Founder’s QuoteJuly 9, 2019
Fr. Nicholas Blackwell: Our Lady of Mount Carmel and the CrossJuly 9, 2019
By Joshua Hren, Crisis Magazine, July 9, 2019
In his treatise The Rise and Fall of Elites, Vilfredo Pareto proffers the thesis that “The history of man is the history of the continuous replacement of elites: as one ascends, another declines.” Unduly reductive as this contention is, Pareto attunes us to the persistent presence of elites in even the most revolutionary and populist movements. Elite, here, is not uttered with ressentiment or contempt; rather, for Pareto the term names any group that possesses consolidated influence and power. It would seem that a so-called “synodal Church” would offer an egalitarian, decentralized correction to Pareto’s premise. However, in presenting its theologies, ideas, and implementations as “homegrown” in South America, the Amazon Synod’s Instrumentum laboris advances a misguiding ruse that obfuscates the elites who have authored it.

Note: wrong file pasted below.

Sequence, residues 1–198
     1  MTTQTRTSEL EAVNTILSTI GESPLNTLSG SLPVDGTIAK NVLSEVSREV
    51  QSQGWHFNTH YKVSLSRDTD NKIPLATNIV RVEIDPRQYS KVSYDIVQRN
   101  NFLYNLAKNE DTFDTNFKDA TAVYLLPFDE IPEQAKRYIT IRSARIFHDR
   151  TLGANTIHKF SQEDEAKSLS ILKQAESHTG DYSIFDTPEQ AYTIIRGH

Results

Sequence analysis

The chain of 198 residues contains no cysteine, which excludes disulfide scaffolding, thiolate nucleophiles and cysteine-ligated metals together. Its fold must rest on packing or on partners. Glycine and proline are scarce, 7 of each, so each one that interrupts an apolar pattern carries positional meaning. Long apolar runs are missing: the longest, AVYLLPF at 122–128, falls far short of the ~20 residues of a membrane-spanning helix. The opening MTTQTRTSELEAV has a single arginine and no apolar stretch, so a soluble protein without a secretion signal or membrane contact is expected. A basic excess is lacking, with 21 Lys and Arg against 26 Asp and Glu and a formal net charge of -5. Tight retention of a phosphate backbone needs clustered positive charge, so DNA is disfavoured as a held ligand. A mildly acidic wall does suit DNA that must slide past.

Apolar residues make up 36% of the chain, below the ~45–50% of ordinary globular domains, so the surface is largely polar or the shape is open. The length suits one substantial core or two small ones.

An expert on theological trends in the Amazon, Julio Loredo has demonstrated that the Synod is “nothing else than the culmination of liberation theology.” The Synod’s Instrumentum laboris gives credence to his claim; we read that “a Church called to be even more synodal begins by listening to the peoples and to the earth by coming into contact with the abundant reality of an Amazon full of life and wisdom.” Joseph Cardinal Ratzinger explains that for liberation theologians, the “conciliar emphasis on the people of God is transformed into a Marxist myth.” Just as for Marxists the experiences of the proletariat elucidate history, here the “experiences of the ‘people’ elucidate Scripture. Yet, by themselves Amazonians have not sought to illuminate Revelation through their experiences in a universalizing manner…..Read the entrie article….crisismagazine.com/2019/the-rise-of-the-amazonian-elites